Open Access Dissertation
School principals; Executive succession; Educational leadership;
In order to better understand the realities of principal succession (an interactive sequencing process for changing school administrators) it was the purpose of this study to examine the relationship between four organizational frames (structural, human resource, political, and symbolic) delineated by Bolman and Deal (1997) and three traits noted in the literature as evident during school principal succession (predecessor leave-taking, succession source, and experience). There is little research regarding school principal succession, and concern exists regarding the adequacy of transition practices within organizations. A questionnaire was employed to survey all school principals in the state of Kansas who succeeded during the 1997–98 or 1998–99 school years.
Three rationalizations for the study were: (a) an information base for successor principals, (b) an information base for school districts to access during the hiring process, and (c) an information base for institutions of higher education as they design training programs. Recommendations and suggestions for further research are given for each area of rationalization.
The research questions explored and the conclusions for each are as follows:
(1) As a function of the predecessor's reason for leaving, what differences will there be in the perceived importance of each of the four frames (structural, human resource, political, and symbolic)? Conclusions were (a) successors value all frames regarding Predecessor Status less when their predecessors left to go to a different district, and (b) the inevitable conflict within a group because of enduring differences and scarce resources as well as understanding the symbolism surrounding “why we do what we do here” outweighs the necessity of organizational configurations and the role principals' competencies play within organizations.
(2) What differences will there be between successors from outside the district and successors from inside the district in the perceived importance of each of the four frames (Structural, Human Resource, Political, and Symbolic)? Conclusions were that (a) inside successors valued the Political frame more than outside successors, and (b) contingencies within the Political frame such as power, competency and influence, whether the stakeholders had a say in hiring, and the personality of the predecessor were the issues that most likely influenced decisions to hire from inside or outside the district.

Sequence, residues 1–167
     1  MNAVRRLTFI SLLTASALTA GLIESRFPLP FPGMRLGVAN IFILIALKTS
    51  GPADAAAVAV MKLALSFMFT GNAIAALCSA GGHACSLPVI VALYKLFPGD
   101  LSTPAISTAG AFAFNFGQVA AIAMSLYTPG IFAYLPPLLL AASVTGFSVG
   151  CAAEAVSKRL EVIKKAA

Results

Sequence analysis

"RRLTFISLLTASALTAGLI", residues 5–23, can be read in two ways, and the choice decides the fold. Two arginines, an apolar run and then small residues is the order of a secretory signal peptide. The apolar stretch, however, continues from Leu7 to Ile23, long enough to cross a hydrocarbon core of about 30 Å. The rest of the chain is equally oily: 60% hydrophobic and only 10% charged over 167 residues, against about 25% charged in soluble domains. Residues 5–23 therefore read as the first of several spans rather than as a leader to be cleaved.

(3) How is the perceived importance of each of the four frames (Structural, Human Resource, Political, and Symbolic) related to the number of years of school administration experience prior to entering the present position? Conclusions were that (a) respondents (a majority of whom had the least experience) valued symbolism more than they did the other frames regarding experience, and (b) their valuing of symbolism increased with years of experience.
(4) What are the relationships among the four frames (structural, human resource, political, and symbolic)? Conclusions were that (a) all the frames were statistically significantly correlated, (b) the Structural Political, and Symbolic frames were positively correlated with each other, and (c) the Human Resource frame was negatively correlated with the other three, suggesting that successors consciously attend to specific competencies considered vital within the Human Resource frame.
Year of Submission
Doctor of Education
Department of Educational Leadership, Counseling, and Postsecondary Education
David Else, Chair
1 PDF file (ix, 124 pages)
©2000 Kenneth Lester Rigdon
Rigdon, Kenneth Lester, "Principal succession: Realities encountered by successor principals during the succession process" (2000). Dissertations and Theses @ UNI. 724.